Film Review: The Falcon and the Snowman


I was discussing grittier spy movies with a member of my gaming group and this film was recommended to me. It's one of those movies that I have a vague recollection of - it might be from hearing the basics of the events this film is based on or it might be from catching it on television. Released in 1985 it is based on events that happened in the 1970s (which is when it takes place).

Timothy Hutton and Sean Penn play Christopher Boyce and Daulton Lee, young adults who have a friendship going back to childhood back when they were altar boys together. Boyce has just dropped out of the seminary and his father gets him a job at RTX, a government contractor. Despite having only a high school diploma, Boyce is very bright and does well at the company - and having an ex-FBI guy as father helps. He eventually gets assigned to the "Black Vault" stores top secret documents and receives secret transmissions. Boyce becomes very disillusioned as CIA teletype transmissions are occasionally erroneously sent to RTX and he learns of plots against foreign governments.

Daulton Lee is a drug smuggler, often brining drugs across the border from Mexico. He is extremely high strung, something which his growing dependency on cocaine and later heroin does not help with. Boyce, wanting to take some action against the CIA, enlists Lee's help, having him sell the information he has access to at RTX's Black Vault to the Soviet Union. Lee does this via the Soviet Embassy in Mexico City.

The film is an extremely engaging experience. It is not an action packed thriller. Boyce and Lee are kids from wealthy family who get in way over their heads. Lee is the only contact the Soviets have, Boyce not dealing with them directly. Their Soviet handler, Alex, is expertly played by David Suchet. He doesn't make appeals to doing the right thing, he doesn't praise communism or demonize the United States - he's a very practical man. It's a business transaction to him. But when he finally meets Boyce, Boyce is at the point he wants out. Boyce complains that he's not a professional, something Alex rebukes, telling him they became professionals the instant they took money in return for secrets.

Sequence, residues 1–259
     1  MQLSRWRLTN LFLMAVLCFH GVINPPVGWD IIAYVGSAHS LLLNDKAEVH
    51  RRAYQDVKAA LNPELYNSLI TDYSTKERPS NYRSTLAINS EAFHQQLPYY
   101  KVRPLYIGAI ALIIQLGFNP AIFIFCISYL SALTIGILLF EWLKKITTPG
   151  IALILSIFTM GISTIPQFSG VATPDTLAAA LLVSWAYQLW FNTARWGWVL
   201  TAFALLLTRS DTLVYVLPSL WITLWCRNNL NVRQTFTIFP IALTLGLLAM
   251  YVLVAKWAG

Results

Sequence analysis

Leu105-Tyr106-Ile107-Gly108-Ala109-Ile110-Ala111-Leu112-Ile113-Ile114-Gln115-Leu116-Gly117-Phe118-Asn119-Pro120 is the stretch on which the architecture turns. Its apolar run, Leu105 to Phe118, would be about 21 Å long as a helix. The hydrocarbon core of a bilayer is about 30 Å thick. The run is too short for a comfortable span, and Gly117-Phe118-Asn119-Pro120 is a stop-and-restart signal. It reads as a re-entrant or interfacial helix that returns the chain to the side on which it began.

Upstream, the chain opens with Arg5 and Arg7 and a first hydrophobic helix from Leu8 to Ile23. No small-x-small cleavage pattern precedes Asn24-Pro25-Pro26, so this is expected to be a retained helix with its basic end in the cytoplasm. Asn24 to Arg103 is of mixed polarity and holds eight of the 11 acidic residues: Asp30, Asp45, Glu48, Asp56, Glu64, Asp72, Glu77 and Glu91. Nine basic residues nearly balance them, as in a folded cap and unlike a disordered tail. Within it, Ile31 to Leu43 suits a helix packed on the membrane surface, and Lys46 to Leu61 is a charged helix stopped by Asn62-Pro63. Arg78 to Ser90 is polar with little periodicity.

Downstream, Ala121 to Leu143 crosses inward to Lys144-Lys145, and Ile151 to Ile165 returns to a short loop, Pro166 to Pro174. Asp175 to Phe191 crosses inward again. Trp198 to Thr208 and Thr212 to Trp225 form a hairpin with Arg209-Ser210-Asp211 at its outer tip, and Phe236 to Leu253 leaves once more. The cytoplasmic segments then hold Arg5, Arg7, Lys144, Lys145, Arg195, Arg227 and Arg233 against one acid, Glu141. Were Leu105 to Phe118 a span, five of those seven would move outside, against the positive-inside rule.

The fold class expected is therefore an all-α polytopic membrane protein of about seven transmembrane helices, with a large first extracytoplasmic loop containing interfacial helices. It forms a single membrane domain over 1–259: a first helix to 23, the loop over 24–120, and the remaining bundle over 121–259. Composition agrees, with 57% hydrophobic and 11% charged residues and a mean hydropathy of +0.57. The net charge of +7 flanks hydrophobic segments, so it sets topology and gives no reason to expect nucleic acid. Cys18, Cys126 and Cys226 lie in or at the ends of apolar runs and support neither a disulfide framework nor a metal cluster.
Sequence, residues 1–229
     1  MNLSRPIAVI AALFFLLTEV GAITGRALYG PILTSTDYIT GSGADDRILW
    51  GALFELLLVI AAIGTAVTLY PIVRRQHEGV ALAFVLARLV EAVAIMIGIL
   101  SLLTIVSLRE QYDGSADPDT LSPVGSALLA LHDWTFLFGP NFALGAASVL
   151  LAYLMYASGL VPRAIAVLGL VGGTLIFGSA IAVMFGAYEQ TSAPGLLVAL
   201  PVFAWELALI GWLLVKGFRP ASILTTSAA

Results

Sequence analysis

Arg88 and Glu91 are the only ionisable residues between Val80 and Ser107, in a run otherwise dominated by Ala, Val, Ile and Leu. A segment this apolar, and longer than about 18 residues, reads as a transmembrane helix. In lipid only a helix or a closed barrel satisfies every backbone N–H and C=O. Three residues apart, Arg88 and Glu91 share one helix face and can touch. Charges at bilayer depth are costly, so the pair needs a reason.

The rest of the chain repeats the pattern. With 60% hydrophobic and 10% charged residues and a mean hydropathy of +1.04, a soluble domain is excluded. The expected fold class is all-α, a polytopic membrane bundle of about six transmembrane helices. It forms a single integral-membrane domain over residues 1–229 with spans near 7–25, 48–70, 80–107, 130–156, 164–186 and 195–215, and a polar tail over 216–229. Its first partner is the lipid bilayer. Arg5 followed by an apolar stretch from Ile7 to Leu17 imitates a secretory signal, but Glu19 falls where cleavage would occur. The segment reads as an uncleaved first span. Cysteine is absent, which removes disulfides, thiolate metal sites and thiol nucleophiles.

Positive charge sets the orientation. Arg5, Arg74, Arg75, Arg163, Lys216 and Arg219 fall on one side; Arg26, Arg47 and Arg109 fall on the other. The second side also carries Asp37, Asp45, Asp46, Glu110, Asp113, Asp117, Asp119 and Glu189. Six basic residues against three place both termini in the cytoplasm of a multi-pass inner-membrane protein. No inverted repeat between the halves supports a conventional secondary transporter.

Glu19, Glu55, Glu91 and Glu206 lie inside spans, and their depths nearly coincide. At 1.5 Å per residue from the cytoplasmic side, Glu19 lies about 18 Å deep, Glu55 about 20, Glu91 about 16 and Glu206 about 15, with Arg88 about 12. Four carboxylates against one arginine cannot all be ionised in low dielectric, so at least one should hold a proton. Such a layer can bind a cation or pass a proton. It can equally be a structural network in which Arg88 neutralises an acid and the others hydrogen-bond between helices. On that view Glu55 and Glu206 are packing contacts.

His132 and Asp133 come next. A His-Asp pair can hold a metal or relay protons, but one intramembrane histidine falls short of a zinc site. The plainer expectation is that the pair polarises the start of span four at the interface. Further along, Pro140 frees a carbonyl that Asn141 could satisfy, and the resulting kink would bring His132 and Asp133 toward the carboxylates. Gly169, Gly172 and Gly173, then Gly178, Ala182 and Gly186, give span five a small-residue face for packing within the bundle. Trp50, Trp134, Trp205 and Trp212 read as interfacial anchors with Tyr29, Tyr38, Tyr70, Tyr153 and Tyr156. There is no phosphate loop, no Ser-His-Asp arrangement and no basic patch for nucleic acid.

We also see some exercises in tradecraft, something Lee is no good at all, sometimes messing up the signal for a meeting, frequently breaking protocol and going directly to the Soviet embassy. Alex and the embassy staff grow to quickly despise Lee.

Hutton and Penn give stellar performances. Hutton plays Boyce as a young American man who has brains, good looks, who seems to have everything going for him - despite his inability to really get his life going after high school. I greatly disliked Penn's Lee, but in a good way - I feel I was supposed to dislike him. He can't keep his mouth shut, jokes at parties that he's selling secrets to the KGB. He's extremely high strung with an elevated sense of his own performance.

It seems amazing that the pair would be motivated to sell secrets to the USSR - Boyce's frustration with the CIA and government is absolutely understandable, but he takes one hell of a leap to begin selling secrets. Not that is isn't believable in the context of the film - the film really sells the idea that the two made this decision - and it brutally shows the consequences of selling out your country.

From a gaming perspective, it gives a great view on the types of people who might sell out their country. From that perspective, the most sympathetic character is Alex, presented as a professional who wants to do his job but is forced having to deal with the high-strung and unreliable Lee.

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